One of the first IQPP introspection-based lifestyle improvements I’ve made surrounding food in particular has been to recognize the pace at which I cease to enjoy a food. I have long been aware that my second bite of ice cream is not as good as my first, and that by the time I get to the bottom of a large soda I am either hardly noticing the flavor anymore or actively feeling sick. Selling food in small quantities is not something that capitalism encourages. The economy of scale and simple matters of supply and demand mean that the more food companies can get you to eat, the more money they’ll make, even with extremely steep bulk discounts. At my work, I have an unlimited supply of free lemonade and every week we have our aluminum cylinder of peanut M&Ms refilled. It lasts about two days on average. This resolves the issue of purchase volume as I am free to commit myself to no more than one M&M at a time. All that remains is self-control. By focusing my attention on the diminishing pleasure achieved by each additional peanut M&M, I have resolved the age old paradox, “you can’t eat just one.” I also use the roughly quarter-cup plastic container given for these snacks when I feel like I want some lemonade. A sporadic single peanut M&M and a quarter cup of lemonade now and then maximize my pleasure-to-sugar ratio when I might otherwise be distracted by temptation or feel sick from overindulgence.

With Halloween nearly two weeks past now, we’re still receiving bags of candy in our break rooms. After helping myself to four pieces of candy, I decided it was time to stop. This did not relieve me of temptation, though. Introspection to the rescue! Shortly after picking up a full-size bag of sour skittles, I analyzed my response to it. Without even opening the bag, I was already enjoying the experience. The crinkling of the gaudily colored packaging paper and the feel of the rough sour crystal-coated skittles inside served as the lead-in to the eventual experience of eating this snack. I decided to try treating it as the entire experience, and walked back to the break room to put down the bag of skittles.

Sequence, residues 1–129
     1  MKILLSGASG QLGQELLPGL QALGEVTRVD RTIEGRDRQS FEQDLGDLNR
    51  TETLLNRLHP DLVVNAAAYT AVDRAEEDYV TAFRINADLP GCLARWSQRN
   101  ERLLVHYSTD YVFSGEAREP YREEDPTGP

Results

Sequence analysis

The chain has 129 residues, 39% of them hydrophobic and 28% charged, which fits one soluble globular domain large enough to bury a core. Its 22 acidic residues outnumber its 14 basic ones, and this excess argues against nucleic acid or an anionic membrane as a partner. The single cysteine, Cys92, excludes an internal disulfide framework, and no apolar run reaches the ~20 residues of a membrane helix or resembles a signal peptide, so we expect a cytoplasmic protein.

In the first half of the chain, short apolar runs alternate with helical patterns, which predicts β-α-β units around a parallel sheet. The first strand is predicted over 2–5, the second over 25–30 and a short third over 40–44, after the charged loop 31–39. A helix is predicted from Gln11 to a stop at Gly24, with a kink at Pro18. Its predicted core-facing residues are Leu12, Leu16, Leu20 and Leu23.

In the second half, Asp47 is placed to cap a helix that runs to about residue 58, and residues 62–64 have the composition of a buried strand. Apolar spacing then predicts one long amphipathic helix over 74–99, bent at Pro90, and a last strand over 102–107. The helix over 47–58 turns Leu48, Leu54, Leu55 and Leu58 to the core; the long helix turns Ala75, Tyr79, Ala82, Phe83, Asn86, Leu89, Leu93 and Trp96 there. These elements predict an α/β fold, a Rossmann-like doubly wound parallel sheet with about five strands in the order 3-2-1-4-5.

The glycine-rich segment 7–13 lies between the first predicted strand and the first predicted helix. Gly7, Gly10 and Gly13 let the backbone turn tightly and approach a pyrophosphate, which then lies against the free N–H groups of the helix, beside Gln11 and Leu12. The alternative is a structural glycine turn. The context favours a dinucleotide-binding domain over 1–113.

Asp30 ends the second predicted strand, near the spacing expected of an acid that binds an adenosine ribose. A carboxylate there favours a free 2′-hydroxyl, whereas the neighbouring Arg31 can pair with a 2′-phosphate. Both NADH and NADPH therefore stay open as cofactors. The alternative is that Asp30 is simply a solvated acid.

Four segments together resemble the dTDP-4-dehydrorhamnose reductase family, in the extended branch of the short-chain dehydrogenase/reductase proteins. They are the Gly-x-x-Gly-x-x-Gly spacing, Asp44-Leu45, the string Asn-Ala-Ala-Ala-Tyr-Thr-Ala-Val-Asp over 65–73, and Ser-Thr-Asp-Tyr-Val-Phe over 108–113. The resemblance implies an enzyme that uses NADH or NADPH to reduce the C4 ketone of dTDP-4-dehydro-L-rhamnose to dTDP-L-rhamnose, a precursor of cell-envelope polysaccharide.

Another treat from my childhood, Nerds, is a small, tangy candy that comes by the hundred in colorful little cardboard boxes. Lifting one of these boxes in my break room, I felt and heard the candies jostling and bouncing around. This was part of the experience, no doubt like the skittles carefully designed to keep people coming back and filling up on more sugar. Again, I was able to make it the whole experience. Every single time I saw that particular box of Nerds I picked it up and tilted it, remembering the joy I had received from others like it as a small child while suffering none of the consequences of adding so much sugar to my diet.

Do any of my readers have healthy eating strategies? Share in the comments.

The Tin Man and The Big Cheese

I like to buy a lot of food at once. Something about looking at huge quantities of comestibles just makes me happy. It may stem from my childhood when I would happily eat four plates of food, but today that particular sort of excess only brings discomfort.

Now I content myself with buying large quantities of food and eating it over several days. This is excellent for my wallet as I can leverage bulk discounts, but it is still a strategy works better for some foods than for others. The main challenges are finding a space to store the food, knowing how long the food will stay safe (and pleasant) to eat, and keeping an oft-repeated food item interesting each meal.

I may have mentioned a while back that I own a tin. This tin holds eight pounds of peanuts. I have a local peanut vendor who knows me as “The Tin Man” and gives me eight pounds of the best skin-on peanuts you have ever tasted at a roughly 20% discount each time I bring the tin around. What’s more, as a bulk customer, I can make custom orders. Originally I could not ask for the peanuts unsalted, but as The Tin Man, I call ahead of time and the vendor makes sure he has my unsalted peanuts ready.IMG_20161105_132513575.jpg

I also have a strategy for bulk purchase of tomatoes at the farmer’s market. I order quinoa by the twenty-five pound bag as well. I have twenty-four tubes of toothpaste underneath my sink. I get a thrill whenever I can purchase 65 ears of corn at the farmer’s market for $20. They sell it in a special plastic net kind of bag that digs into your hands as you try to lug your haul back to the car. It just serves as a reminder of what a delightfully huge amount of food I’ve bought.